The European Food Safety Authority (EFSA) and the European Centre for Disease Prevention and Control (ECDC) have just released their annual report on antimicrobial resistance (AMR) in bacteria.
Mike Catchpole, chief scientist, ECDC, said: “It is of particular concern that some common types of Salmonella in humans, such as monophasic Salmonella Typhimurium, exhibit extremely high multi-drug resistance. Prudent use of antibiotics in human and veterinary medicine is extremely important to address the challenge posed by antimicrobial resistance.”
The report also highlighted that antimicrobial resistance levels in Europe continue to vary by geographical region, with countries in Northern and Western Europe generally having lower resistance levels than those in Southern and Eastern Europe.
Marta Hugas, head of EFSA’s biological hazards and contaminants unit, said: “These geographic variations are most likely related to differences in antimicrobial use across the EU. For example, countries where actions have been taken to reduce, replace and re-think the use of antimicrobials in animals show lower levels of antimicrobial resistance and decreasing trends.”
Colistin and ESBL
Resistance to colistin was found at very low levels in Salmonella and E. coli in pigs and cattle. Extended-spectrum beta-lactamase (ESBL)-producing E. coli were detected in beef, pork, pigs and calves. Bacteria that produce ESBL enzymes show multi-drug resistance to β-lactam antibiotics, which include penicillin derivatives and cephalosporins.
High resistance to ciprofloxacin and tetracyclines was observed in C. coli isolates from fattening pigs, said the EU agencies.
Richard Murphy, research director, Alltech, who has a particular focus on AMR, told us:
“With this type of analysis its hard make definitive inferences, as the relative reporting rates can vary from year to year and from country to country but the trend towards an increase in reported rates is worrying.”
The reports this year of resistance to carbapenems and colistin should be taken seriously, as these are drugs of last resort: “If we start to see longer term temporal increases among isolates with resistance to these drugs then it really will be only a matter of time before we see an increase in associated health issues for EU consumers. Given their critical importance to human medicine, we need to take action now to prevent longer term increases and issues,” said Murphy.
Professor Guy Poppy, Chief Scientific Advisor at the Food Standards Agency (FSA), said:
“These reports highlight again why our new surveillance of AMR in food at retail is crucial. AMR is a global issue that requires effort right across the food supply chain if we are to reduce the levels of AMR in bacteria associated with human and animal disease.
“By understanding the levels of AMR in food at retail, we will begin to understand the scale of exposure to humans and the effectiveness of responsible management tools and techniques in agriculture and aquaculture on this important mode of transmission from farm to fork.”
He said a review of the annual surveys on antimicrobial resistance issued by EFSA each year reveals some interesting temporal trends - for the most part an increase in antibiotic resistance amongst Salmonella isolates is notable.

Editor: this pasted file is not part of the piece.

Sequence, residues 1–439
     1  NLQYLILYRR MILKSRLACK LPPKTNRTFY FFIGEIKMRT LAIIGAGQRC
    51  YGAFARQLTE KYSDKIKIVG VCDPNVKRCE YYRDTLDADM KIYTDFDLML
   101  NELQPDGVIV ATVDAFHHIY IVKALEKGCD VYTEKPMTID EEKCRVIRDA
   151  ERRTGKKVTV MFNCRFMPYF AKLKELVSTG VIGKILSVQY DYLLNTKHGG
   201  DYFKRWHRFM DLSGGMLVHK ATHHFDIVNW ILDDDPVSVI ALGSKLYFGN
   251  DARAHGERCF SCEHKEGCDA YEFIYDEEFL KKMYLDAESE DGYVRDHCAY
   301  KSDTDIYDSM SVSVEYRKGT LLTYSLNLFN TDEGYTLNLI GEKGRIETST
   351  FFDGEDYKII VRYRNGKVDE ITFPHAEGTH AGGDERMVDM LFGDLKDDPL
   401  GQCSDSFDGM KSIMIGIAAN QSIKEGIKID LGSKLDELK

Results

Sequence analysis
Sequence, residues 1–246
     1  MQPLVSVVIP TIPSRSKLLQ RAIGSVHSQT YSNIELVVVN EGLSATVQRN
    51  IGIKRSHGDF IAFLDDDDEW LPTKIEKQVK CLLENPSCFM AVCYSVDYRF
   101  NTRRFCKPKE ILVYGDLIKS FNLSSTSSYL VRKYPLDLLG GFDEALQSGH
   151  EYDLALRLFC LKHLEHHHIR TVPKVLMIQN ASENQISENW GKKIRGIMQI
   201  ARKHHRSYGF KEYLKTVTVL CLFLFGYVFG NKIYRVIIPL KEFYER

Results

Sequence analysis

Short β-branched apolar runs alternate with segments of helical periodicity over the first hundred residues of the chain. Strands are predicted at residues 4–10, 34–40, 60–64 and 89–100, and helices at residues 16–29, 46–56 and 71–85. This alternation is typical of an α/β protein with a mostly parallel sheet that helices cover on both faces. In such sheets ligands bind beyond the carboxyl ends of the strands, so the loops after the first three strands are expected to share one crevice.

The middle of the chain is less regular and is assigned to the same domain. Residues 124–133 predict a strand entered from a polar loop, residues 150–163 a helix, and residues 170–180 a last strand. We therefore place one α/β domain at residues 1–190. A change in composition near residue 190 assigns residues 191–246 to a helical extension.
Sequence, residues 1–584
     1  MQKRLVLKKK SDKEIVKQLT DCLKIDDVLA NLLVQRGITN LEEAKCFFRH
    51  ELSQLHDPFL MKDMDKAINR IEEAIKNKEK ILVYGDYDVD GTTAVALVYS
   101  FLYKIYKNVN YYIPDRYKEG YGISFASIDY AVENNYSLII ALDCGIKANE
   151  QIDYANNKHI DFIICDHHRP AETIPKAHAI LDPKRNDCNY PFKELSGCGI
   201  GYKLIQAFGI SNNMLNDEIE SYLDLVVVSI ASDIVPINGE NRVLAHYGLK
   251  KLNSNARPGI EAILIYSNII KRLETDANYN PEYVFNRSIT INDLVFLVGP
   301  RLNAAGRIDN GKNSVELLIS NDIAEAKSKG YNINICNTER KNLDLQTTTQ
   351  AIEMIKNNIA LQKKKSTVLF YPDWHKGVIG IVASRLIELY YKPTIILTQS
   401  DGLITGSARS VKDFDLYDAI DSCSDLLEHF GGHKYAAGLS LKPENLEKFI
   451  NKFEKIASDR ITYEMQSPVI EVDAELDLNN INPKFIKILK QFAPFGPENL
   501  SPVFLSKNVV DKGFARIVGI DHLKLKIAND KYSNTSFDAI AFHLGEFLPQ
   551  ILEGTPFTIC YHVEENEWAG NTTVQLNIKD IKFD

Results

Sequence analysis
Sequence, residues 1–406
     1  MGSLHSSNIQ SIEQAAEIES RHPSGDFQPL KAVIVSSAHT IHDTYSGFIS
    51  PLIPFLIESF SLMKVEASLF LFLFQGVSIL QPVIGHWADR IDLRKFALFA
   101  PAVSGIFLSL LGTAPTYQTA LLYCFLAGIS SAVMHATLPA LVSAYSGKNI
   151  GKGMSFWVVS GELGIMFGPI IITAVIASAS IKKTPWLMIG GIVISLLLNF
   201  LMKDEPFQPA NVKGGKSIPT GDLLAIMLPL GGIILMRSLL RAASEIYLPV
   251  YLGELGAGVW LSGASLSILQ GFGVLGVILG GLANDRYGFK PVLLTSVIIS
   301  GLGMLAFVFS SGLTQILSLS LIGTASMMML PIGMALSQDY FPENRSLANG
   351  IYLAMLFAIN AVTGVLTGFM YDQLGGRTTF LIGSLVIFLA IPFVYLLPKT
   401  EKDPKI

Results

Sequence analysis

“In particular and of concern for human health, an increase in the last number of years of resistance amongst Salmonella in broiler meat has been reported.
“The majority of antibiotic resistance can be noted amongst broilers and this may in part be due to the lower level of antibiotic use in the layer industry relative to the broiler market.
"An increase in antibiotic resistance in Salmonella isolated from poultry meat has been noted since 2010. These temporal changes would need to be monitored for a longer period to determine the extent of this rise; however, there is a relatively high rate amongst some classes of antibiotics e.g. nalidixic acid, ciprofloxacin and the sulphonamides.”
Overall, he said, the trend is towards a decline in overall Salmonellosis rates in the EU while the Campylobacteriosis rates have remained relatively stable: “As such the reports of resistance to fluoroquinolones and macrolides in over 10% of the tested Campylobacter coli bacteria in humans is an issue.”
Reacting to the EFSA and ECDC report, Professor Leo den Hartog, R&D Director for Nutreco’s animal nutrition division, Trouw Nutrition, said:
“This report is yet another call to action to substantially reduce the use of antibiotics in animal husbandry. We know that if we achieve significant reductions, we actually revert antimicrobial resistance. Reduction strategies pay off.”
“But we can only achieve this if we redirect our focus to alternative strategies based on a holistically integrated approach. It is about a combination of farm, feed and health management.”
Translating that into regulatory action, he said it is important to redirect part of the innovation focus and funding to alternatives, including nutritional programs: “Equally important, we need to adapt the regulatory framework so that health and performance attributes of those nutritional programs are acknowledged for and recognized.”